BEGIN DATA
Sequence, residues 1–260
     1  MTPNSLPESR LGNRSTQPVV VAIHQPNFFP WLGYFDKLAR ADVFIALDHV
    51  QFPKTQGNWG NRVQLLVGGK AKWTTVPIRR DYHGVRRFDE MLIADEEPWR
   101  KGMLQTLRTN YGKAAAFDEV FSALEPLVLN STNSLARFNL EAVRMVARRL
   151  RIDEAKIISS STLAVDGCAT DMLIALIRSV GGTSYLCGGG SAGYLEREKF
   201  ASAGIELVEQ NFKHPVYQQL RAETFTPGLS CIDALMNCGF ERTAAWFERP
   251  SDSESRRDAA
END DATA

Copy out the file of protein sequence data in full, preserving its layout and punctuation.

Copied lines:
Sequence, residues 1–260
     1  MTPNSLPESR LGNRSTQPVV VAIHQPNFFP WLGYFDKLAR ADVFIALDHV
    51  QFPKTQGNWG NRVQLLVGGK AKWTTVPIRR DYHGVRRFDE MLIADEEPWR
   101  KGMLQTLRTN YGKAAAFDEV FSALEPLVLN STNSLARFNL EAVRMVARRL
   151  RIDEAKIISS STLAVDGCAT DMLIALIRSV GGTSYLCGGG SAGYLEREKF
   201  ASAGIELVEQ NFKHPVYQQL RAETFTPGLS CIDALMNCGF ERTAAWFERP
   251  SDSESRRDAA